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Afternoon storms help fight Burro Fire in Catalina Mountains

Afternoon storms help fight Burro Fire in Catalina Mountains

The Burro Fire burns on the northeastern slopes of the Catalina Mountains as viewed from west of Redington on July 7, 2015, near Tucson, Ariz. Mike Christy / Arizona Daily Star

Heavy afternoon rains helped crews battle the Burro Fire in the Santa Catalina Mountains Sunday afternoon.  

The National Weather Service reported that more than an inch of rain fell in some parts threatened by the blaze, with varying levels of precipitation falling through most of the area, including in the Mount Lemmon community of Summerhaven. 

As of Sunday morning, the fire was at 51 percent containment with more than 27,000 acres burned, according to an update from the incident management team fighting the Burro Fire. 

Jay Lusher, an operations section chief with the team, said at a Sunday evening meeting that, despite the rain, those numbers would not be updated until Monday as many of the crews who help confirm new containment levels were pulled off the fire line early in the day due to potential flash flooding and lightning exposure risks.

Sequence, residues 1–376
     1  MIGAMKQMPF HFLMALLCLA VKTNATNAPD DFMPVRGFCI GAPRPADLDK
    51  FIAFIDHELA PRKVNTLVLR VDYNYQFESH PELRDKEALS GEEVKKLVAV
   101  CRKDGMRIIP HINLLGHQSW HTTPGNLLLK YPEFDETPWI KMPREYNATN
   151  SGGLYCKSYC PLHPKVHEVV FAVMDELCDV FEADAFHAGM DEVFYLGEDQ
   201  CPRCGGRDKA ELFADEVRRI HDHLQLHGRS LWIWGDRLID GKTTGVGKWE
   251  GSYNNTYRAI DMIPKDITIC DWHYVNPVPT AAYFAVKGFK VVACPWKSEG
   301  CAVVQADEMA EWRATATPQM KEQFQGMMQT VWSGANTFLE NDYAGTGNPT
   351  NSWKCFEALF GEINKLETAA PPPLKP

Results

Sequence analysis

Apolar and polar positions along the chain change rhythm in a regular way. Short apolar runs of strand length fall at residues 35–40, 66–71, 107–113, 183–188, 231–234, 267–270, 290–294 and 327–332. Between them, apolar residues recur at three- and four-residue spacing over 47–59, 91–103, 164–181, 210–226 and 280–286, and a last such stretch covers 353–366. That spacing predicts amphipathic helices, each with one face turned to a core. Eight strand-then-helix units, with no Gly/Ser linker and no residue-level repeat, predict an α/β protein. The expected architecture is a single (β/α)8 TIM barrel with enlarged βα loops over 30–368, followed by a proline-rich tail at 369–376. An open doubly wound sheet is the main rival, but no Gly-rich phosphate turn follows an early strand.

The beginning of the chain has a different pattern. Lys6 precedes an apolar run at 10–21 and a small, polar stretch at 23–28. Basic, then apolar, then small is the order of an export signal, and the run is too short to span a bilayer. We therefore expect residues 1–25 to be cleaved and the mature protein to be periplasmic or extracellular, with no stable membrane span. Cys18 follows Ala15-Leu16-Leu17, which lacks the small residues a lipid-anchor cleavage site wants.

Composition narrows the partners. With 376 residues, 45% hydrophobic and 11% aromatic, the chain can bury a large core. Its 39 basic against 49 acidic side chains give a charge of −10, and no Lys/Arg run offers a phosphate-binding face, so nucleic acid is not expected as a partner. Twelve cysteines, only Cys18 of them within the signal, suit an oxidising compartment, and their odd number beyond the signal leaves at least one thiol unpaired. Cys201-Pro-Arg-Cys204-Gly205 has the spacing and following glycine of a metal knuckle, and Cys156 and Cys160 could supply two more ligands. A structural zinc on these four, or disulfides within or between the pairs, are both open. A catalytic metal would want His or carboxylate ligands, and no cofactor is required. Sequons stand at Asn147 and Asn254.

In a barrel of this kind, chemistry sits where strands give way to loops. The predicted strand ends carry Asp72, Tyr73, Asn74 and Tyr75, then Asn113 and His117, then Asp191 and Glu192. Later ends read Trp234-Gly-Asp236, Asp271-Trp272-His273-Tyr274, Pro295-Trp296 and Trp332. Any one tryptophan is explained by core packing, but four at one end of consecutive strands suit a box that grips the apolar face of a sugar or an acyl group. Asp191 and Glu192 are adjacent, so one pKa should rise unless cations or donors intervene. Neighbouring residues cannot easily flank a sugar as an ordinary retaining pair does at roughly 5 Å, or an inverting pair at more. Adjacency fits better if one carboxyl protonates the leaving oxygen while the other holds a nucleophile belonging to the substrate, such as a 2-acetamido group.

“Unfortunately, it didn’t cover the whole fire area, but it did cover a lot of the mountain and so that was really good for us,” Lusher said at the meeting. 

Crews faced new challenges Saturday night when a collapsed storm in the north-east sector of the fire pushed flames into a new fuel bed, one mile east toward the White Tank/Limestone Well area. 

That portion of the fire was no longer advancing and fire crews were applying increased suppression techniques in that area as of Sunday morning. 

Firefighters focused Sunday on securing the open section of the containment line west and northwest of the Piety Hill area. The goal was to tie in with the containment lines along the southern flank. 

Crews have constructed more than 37 miles of containment line already, according to the update. 

An evacuation order remains in place for residents of Summerhaven, but incident commander Bea Day said at the evening meeting that they hoped to give Summerhaven business owners and residents a more specific day as to when they can return by Monday. 

Day also said that the incident management team would most likely begin demobilizing its crews starting Monday. 

More than 659 personnel are currently assigned to the fire, including 14 crews, 44 engines, 31 water tenders, 3 bulldozers and 6 helicopters. 

 

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Reporter

Gerald received his journalism degree from the University of Maryland. He has been with the Star for 16 years and has covered a variety of beats. Currently, he divides his time between the presentation desk and as a member of the digital team.

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